Even though the RC-10s are small, they can play far past my tolerance for volume without any noticeable signs of distortion or compression. What is more impressive, though, is that they were able to play at lower volumes with authority. Many speakers require a swift kick from an amp in order to sound good (my old Mirage OM-10s being a good example), but the RC-10s sounded nearly the same no matter the volume level. Judging a speaker by how loud it can play is "big box store" mentality. This system works for them because, when your ears are overloaded, it's impossible for you to make a determination of the quality of sound you are hearing. It is important for a speaker to be able to play loud, but it is more important for it to be able to play at sane levels, and sound good doing so, which the RC-10s do.
The Sibelius recording is also great for examining the three-dimensionality of a stereo image. The orchestra was spread out the width of the speakers, with Leonidas Kavakoss violin just to the left of center. The RC-10s conveyed a credible sense of image depth, although with fewer layers than the best I've heard. The images were solid even when I moved my head from side to side. Minimonitors generally have good image specificity, but I would put the RC-10s above average on the curve. They don't have the laser-like precision of some speakers I've heard, but you can easily close your eyes and point to an instrument or vocalist in space when listening to the RC-10s.
Bass response is nothing short of astounding for such a diminutive speaker. While no speaker this size, regardless of price, can plumb the bottom octave, the RC-10 can reach down to the lowest notes on a double bass with tunefulness and substance. Very little musical information resides below these frequencies, but those lowest frequencies do affect the sense of hall ambiance, or space, that can be heard from recordings that contain such information.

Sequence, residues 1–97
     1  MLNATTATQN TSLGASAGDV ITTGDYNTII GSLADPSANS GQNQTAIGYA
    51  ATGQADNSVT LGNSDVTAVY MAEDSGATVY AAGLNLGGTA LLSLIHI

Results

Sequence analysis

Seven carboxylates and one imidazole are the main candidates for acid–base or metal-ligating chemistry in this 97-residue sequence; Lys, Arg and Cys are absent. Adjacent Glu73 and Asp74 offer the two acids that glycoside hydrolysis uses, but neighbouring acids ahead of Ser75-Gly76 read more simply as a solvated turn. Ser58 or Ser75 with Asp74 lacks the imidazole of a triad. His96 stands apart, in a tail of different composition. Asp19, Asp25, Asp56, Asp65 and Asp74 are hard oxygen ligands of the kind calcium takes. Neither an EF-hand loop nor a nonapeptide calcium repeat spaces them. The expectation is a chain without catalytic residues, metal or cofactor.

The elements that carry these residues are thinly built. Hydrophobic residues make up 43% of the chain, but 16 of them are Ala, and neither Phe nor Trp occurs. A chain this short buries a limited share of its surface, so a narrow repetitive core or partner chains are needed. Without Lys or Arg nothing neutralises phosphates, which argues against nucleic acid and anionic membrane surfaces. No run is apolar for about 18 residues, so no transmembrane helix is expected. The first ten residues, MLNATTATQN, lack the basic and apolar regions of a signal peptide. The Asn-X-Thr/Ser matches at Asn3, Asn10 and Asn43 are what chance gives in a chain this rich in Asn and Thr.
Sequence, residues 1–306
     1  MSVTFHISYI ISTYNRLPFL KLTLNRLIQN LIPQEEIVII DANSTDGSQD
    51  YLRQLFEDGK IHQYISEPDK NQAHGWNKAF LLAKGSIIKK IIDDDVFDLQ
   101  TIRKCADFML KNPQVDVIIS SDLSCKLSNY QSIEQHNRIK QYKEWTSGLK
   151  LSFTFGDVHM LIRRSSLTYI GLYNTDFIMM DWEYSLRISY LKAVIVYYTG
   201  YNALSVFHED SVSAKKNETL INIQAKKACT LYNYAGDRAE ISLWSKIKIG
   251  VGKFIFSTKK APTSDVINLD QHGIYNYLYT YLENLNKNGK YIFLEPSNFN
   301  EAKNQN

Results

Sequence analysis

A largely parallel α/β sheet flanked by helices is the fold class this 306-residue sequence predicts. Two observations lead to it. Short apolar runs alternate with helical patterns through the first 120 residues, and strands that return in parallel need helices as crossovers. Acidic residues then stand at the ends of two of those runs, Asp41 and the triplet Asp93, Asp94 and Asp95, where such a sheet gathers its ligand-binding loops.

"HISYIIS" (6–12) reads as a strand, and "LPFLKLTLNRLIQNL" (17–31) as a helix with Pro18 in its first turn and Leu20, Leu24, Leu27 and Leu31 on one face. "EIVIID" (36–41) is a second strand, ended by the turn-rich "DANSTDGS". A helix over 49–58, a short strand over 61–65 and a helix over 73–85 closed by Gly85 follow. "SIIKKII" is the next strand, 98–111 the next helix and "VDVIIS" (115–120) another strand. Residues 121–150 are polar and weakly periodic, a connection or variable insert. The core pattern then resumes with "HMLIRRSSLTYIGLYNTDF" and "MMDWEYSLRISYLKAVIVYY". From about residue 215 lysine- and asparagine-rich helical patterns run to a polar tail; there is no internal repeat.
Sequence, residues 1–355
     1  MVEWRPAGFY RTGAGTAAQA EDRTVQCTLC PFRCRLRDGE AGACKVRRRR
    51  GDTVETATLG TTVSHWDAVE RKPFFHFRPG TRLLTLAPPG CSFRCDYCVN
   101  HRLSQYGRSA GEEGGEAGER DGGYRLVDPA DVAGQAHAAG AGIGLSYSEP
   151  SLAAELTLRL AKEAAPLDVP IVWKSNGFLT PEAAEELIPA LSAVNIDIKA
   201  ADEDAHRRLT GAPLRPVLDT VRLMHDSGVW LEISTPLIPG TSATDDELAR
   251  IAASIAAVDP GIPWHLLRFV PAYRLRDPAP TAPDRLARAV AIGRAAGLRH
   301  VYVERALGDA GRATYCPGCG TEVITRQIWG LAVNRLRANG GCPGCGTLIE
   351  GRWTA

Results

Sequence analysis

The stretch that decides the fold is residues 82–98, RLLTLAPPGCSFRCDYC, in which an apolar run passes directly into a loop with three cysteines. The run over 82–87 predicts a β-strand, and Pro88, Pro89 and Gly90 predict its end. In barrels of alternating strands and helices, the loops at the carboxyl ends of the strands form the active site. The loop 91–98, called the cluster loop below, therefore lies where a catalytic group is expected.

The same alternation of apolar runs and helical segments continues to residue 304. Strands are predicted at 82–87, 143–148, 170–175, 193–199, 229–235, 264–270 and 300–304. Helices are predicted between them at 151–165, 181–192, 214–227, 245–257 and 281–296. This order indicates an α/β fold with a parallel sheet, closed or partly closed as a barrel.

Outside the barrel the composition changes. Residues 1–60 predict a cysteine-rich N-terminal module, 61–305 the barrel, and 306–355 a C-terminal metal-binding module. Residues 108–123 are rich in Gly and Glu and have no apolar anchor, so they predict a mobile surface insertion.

In order to get a more generic idea of how low the RC-10s can play, I used a disc of test tones that I generated in Mathematica, an integrated software suite that technical people know well. In my room, the RC-10s had solid output down to 50Hz and could still be heard at 40Hz. At 30Hz and below, output was essentially zero. If you feel that you need more bass output than that, Energy will be happy to sell you one of the three larger siblings to the RC-10, but most music listeners will probably be delighted with what the RC-10 has to offer in the bass.
Bass depth is only one aspect of the bottom-end performance of any loudspeaker. The RC-10 was well controlled down low, never bloated or boomy. Bass lines moved along in a lively fashion, and routinely started my toe a-tapping. While the bass was never muddy, neither was it as precise as the best that I've heard. The timpani on Brendel's recording of Beethoven's Emperor Concerto [Philips 289 468 666-2] was clearly audible, but it lacked some of the crispness that I hear with my reference speakers. It sounded as though the timpanist was using a softer mallet with the Energy speakers than when played through the Amphions. Similarly, acoustic-bass solos as on the Andrea Pozza Trio's Sweet Loraine [Venus TKJV-19154] were sufficiently weighty, but not as articulated as I would prefer. Notes did not blend into each other; they just did not have a precisely defined beginning.